Iron • Transition Metal

Primary XPS region: Fe2p
Overlapping regions: Cu LMM, Ni LMM
Binding energies of common chemical states:

Chemical stateBinding energy Fe2p3/2
Fe metal706.7 eV
FeO709.6 eV
Fe2O3710.8 eV
FeCl2710.4 eV

 

Experimental information

  • Fe2p overlaps strongly with Ni LMM Auger peaks, e.g., in some steel samples.
    • Can use weaker Fe3p or Fe3s peaks instead for quantification.
  • Some compounds/alloys of iron are magnetic.
    • Degauss samples if possible before analysis.
  • Iron oxides are readily reduced by argon monomer sputtering.
    • Use lowest possible ion beam energy when attempting to clean oxide sample surface or during depth profiling.
      • Minimizes (but does not completely prevent) reduction effect.

 

Interpretation of XPS spectra

  • Fe2p region has significantly split spin-orbit components (Δmetal=13.1eV).
  • Fe2p peaks have asymmetric shape for metal.
    • A well resolved Fe2p3/2 spectrum for metal shows multiplet splitting.
    • Second component (shifted by 0.9eV from main peak) can be neglected when fitting typical mixed oxide/metal spectra.

 

High Resolution Fe2p3/2 Spectrum Iron Metal

 

  • Fe oxide peaks are significantly shifted to higher binding energy than the metal.
    • Fe compounds can be reduced by Ar ion sputtering, even at relatively low ion energies.
  • Iron compounds may be described as high-spin or low-spin (as defined by crystal field theory).
    • Fe(III) compounds are always high-spin, leading to complex multiplet-split Fe2p spectra[1].
    • Fe(II) compounds may be high or low-spin [1].
      • Fe2p spectra of high-spin compounds (e.g., FeO or FeCl2) exhibit complex multiplet splitting and have satellite features.
      • Spectra from low-spin compounds (e.g., FeS2) do not show multiplet splitting or satellite features.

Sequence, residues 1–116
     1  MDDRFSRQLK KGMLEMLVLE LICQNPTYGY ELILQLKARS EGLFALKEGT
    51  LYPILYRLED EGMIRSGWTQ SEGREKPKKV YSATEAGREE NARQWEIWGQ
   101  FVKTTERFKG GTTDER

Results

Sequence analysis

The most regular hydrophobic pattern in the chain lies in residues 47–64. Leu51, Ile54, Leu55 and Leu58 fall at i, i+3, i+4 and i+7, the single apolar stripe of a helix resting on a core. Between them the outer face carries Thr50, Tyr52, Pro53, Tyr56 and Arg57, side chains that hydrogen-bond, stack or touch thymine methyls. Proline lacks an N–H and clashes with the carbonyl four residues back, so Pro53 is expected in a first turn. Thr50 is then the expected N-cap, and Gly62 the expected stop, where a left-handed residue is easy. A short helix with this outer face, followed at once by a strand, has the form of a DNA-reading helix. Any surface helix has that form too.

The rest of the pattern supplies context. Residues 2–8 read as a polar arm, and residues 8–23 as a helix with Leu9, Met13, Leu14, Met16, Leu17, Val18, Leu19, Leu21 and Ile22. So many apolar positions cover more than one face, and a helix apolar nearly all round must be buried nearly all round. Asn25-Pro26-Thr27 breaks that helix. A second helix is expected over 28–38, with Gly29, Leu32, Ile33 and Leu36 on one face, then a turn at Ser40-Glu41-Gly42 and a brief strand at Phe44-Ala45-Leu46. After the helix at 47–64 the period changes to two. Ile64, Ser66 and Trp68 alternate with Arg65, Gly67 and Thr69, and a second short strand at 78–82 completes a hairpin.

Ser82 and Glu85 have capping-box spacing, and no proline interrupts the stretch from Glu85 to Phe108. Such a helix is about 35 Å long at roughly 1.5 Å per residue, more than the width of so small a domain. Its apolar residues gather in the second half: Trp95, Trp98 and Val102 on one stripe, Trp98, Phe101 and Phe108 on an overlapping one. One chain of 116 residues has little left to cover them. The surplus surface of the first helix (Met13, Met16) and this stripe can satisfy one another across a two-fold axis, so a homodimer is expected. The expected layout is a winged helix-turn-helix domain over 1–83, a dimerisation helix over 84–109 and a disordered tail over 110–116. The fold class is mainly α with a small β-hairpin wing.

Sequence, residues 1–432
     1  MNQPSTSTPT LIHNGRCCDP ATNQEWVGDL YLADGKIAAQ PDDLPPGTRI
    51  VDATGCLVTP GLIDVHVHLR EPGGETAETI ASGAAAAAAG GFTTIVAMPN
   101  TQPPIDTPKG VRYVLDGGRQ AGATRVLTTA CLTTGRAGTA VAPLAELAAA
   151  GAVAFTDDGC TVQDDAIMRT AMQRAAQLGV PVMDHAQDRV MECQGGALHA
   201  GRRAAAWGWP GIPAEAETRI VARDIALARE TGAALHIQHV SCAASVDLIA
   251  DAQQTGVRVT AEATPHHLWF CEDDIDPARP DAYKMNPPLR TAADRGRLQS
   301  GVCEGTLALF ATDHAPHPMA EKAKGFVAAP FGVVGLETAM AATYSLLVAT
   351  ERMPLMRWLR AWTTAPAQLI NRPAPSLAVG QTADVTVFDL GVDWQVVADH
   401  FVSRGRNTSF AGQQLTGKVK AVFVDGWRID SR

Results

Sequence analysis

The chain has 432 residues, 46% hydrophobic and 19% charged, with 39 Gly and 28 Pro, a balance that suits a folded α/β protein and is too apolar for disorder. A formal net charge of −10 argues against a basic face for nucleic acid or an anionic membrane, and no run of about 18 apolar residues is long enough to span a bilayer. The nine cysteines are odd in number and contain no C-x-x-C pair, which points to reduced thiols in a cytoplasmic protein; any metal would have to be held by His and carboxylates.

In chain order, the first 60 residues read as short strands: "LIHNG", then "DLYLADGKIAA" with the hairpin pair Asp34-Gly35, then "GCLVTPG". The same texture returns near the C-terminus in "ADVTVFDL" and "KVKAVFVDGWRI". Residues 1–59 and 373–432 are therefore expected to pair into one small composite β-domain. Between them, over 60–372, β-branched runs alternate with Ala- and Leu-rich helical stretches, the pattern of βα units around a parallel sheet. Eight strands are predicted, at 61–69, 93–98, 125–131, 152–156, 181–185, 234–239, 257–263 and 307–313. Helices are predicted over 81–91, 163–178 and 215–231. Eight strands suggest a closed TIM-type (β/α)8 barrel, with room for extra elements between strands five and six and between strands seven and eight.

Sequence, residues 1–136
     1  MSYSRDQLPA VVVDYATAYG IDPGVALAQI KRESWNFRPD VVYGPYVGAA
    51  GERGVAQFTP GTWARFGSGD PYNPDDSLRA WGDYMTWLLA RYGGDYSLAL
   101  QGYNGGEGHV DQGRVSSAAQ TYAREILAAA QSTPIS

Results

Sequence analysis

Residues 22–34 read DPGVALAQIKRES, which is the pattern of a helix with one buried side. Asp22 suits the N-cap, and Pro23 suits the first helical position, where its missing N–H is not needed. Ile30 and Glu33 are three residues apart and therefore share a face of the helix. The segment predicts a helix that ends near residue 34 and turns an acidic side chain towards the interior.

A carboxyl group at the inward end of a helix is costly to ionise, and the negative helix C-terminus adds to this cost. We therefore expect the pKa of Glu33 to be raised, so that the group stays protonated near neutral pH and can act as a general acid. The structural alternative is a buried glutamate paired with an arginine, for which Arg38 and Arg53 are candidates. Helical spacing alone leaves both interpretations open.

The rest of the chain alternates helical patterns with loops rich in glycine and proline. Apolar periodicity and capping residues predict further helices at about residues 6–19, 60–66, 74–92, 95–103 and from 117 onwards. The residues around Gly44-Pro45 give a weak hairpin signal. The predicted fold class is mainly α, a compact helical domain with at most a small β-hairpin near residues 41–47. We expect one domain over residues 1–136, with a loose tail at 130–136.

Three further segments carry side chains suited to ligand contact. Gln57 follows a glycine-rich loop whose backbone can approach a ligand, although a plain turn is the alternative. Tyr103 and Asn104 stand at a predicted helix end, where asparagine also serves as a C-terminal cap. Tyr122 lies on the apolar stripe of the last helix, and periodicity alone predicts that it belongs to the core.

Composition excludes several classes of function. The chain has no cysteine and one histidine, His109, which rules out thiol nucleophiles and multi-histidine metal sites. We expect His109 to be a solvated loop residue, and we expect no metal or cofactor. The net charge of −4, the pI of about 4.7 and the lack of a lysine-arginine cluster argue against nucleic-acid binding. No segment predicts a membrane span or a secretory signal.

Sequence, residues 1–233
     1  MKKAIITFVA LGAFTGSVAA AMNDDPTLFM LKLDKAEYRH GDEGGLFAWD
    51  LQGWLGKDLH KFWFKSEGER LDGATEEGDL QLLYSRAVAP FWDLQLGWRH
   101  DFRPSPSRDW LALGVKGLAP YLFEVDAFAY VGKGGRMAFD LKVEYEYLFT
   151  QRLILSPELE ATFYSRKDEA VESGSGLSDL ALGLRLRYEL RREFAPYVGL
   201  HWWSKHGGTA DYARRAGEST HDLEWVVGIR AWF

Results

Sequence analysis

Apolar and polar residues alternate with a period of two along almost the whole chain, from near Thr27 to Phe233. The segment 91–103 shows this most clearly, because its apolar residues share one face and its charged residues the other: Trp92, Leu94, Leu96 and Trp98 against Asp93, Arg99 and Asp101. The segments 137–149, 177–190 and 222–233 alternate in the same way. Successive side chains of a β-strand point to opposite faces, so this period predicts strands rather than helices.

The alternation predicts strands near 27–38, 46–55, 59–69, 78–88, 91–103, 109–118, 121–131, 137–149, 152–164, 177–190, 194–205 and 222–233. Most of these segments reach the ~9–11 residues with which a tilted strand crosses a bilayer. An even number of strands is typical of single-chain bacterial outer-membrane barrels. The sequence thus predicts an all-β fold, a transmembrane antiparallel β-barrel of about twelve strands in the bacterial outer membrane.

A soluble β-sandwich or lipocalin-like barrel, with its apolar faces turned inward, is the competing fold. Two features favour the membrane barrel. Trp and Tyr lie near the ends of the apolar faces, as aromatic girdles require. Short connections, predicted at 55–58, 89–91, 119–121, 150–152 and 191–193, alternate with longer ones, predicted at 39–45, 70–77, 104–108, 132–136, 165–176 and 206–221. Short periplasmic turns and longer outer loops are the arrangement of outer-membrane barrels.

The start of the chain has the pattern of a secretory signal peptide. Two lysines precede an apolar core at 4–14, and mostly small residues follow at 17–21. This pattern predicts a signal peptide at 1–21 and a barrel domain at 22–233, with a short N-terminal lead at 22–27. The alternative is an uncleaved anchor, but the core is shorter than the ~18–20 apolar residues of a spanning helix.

• It is possible to distinguish Fe oxidation states using satellite features of Fe2p.

 

Fe2p Spectra Received Ar Sputtered Fe2O3
Iron • Transition Metal

 

  • The relative binding energies and intensity ratio of the core level XPS peaks versus satellite features will vary according to compound, e.g., FeCl2, has a very strong satellite feature compared to FeO.
  • In the case of air-exposed marcasite (FeS2), no satellite feature is observed since the Fe2+ is in a low-spin configuration.
    • The broad structure to higher binding energy (~710.5eV) of the main Fe2p3/2 peak is NOT satellite structure but is due to Fe3+ states from oxidation of the surface.
    • The higher binding energy, smaller marcasite peak (708.4eV) is possibly due to electron-deficient Fe2+ sites, created by the breaking of Fe-S bonds [2].

 

Fe2p Spectra Fe II Compounds FeCl2 Air Exposed Marcasite

References

  • [1] MC Biesinger et al., Applied Surface Science 257 (2011) 2717-2730.
  • [2] Uhlig et al., Applied Surface Science 179 (2001) 222-229.

 

Element Crystal Cub

About this element

Symbol: Fe
Date of discovery: ancient
Name origin: Latin
Appearance: silvery
Discoverer: unknown
Obtained from: iron ores

Melting point: 1535 K
Boiling point: 2861 K
Density[kg/m3]: 7.86
Molar volume: 7.09 × 10-6 m3/mol
Protons/Electrons: 26
Neutrons: 30
Shell structure: 2,8,14,2
Electron configuration: [Ar]3d64s2
Oxidation state: 2,3,4,6
Crystal structure: cubic

Comprising 35% of the Earth’s mass, iron is the main component of steel and the most used of all the metals. Iron can take on many forms, including cast, wrought, and pig iron, but suffers badly from rust if not protected in some way. Iron is a necessary trace element used by all known living organisms. In mammals and other animals, hemoglobin is the iron-containing metalloprotein that carries oxygen in red blood cells. Good sources of dietary iron include meat, beans, and leafy vegetables; however, excessive amounts of iron in the body can lead to cell damage and eventually long-term organ damage or even death.

 


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